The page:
The European Commission's ruling directing the Government of the Netherlands to repeal corporate tax exemptions benefiting six seaports will be appealed by the ports in question.
On January 21, 2016, the Commission announced that the Netherlands must abolish an exemption from corporate tax for its six seaports, to align the regime with EU state aid rules. However, the Port of Rotterdam Authority recently confirmed its decision to appeal the decision, pointing out that other ports in the EU also receive financial support from their governments in one form or another.
The other appellants include the Amsterdam Port Authority, Groningen Seaports, the Moerdijk Port Authority, the Port of Den Helder, and Zeeland Seaports.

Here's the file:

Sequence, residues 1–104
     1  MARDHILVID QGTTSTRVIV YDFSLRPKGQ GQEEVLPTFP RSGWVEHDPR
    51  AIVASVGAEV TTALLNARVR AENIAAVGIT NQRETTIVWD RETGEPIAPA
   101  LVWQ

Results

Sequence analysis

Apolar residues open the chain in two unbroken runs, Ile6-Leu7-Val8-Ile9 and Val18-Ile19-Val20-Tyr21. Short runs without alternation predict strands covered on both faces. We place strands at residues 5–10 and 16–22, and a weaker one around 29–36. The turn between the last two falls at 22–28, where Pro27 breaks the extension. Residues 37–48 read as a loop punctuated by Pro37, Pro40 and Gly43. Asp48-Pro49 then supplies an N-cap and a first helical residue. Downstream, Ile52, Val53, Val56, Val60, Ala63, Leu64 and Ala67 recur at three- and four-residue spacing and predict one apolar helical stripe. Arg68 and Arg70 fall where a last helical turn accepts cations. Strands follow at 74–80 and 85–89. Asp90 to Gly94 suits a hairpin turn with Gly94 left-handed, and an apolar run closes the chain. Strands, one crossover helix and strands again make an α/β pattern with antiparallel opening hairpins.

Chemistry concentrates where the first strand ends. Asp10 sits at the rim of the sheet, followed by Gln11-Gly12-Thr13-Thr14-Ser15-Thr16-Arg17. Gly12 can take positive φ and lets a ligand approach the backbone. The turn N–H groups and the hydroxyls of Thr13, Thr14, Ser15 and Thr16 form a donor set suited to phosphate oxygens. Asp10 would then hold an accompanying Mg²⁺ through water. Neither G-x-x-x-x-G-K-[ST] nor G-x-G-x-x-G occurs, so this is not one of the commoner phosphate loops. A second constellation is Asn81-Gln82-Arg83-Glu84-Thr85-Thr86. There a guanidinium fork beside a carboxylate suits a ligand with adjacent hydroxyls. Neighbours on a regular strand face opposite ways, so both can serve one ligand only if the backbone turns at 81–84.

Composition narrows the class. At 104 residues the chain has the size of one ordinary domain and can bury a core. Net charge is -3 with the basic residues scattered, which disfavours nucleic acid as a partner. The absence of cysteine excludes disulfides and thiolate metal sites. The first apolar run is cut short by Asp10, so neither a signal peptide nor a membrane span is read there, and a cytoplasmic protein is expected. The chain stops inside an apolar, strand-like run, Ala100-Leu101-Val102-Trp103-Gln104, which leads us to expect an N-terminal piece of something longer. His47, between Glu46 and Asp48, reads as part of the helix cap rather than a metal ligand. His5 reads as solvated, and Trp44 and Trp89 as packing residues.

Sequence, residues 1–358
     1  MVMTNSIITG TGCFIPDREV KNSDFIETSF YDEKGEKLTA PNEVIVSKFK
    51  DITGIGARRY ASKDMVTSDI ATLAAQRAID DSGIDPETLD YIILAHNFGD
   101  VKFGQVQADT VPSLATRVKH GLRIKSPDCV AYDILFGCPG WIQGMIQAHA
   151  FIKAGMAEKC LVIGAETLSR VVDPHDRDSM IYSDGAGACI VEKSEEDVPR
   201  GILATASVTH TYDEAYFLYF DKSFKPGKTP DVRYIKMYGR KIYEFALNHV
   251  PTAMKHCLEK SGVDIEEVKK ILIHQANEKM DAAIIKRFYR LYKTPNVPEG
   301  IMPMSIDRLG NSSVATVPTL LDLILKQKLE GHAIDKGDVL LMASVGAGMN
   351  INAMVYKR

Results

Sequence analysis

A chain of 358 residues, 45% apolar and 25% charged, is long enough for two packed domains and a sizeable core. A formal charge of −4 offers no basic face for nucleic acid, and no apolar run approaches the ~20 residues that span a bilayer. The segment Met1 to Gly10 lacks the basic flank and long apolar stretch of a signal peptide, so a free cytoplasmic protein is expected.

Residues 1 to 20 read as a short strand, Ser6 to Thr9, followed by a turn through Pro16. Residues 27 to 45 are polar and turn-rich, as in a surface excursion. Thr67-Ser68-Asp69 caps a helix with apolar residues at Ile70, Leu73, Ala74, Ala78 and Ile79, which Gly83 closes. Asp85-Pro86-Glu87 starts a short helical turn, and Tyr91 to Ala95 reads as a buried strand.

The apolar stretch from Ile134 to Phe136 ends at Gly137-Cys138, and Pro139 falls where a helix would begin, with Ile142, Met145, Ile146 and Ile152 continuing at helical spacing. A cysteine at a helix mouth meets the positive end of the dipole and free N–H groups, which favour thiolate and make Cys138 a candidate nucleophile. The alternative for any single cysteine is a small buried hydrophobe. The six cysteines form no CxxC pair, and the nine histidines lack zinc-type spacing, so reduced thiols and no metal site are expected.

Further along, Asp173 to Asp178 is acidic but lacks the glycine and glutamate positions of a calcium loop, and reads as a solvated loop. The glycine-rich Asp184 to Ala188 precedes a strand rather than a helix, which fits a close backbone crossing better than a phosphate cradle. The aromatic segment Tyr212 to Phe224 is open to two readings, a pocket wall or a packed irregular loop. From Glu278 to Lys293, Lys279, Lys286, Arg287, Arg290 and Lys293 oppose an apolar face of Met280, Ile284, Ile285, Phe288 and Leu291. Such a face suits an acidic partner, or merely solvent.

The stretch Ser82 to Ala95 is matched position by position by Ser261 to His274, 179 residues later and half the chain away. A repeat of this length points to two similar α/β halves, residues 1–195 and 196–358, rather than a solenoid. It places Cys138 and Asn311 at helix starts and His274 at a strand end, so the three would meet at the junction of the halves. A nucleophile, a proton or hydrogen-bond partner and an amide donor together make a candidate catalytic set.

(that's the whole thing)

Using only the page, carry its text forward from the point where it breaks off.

According to Rotterdam, the port authorities will allege in their appeal "an infringement of the principles of proper administration, such as equality and proportionality."
Paul Smits, Financial Director of the Port of Rotterdam Authority: "We are not against paying corporation tax, but then it should apply to all European sea ports. This is a matter of principle for us. The foreign ports with which we have to compete do not pay corporation tax and, in addition, are even supported in various ways by their governments."
Rotterdam cited the examples of Hamburg and Antwerp, the former having received state funding to cover losses and the latter to help develop its infrastructure, it said.
The Port of Rotterdam Authority expects to pay EUR60m (USD67m) in corporate tax next year – a figure based on its most recent annual results.
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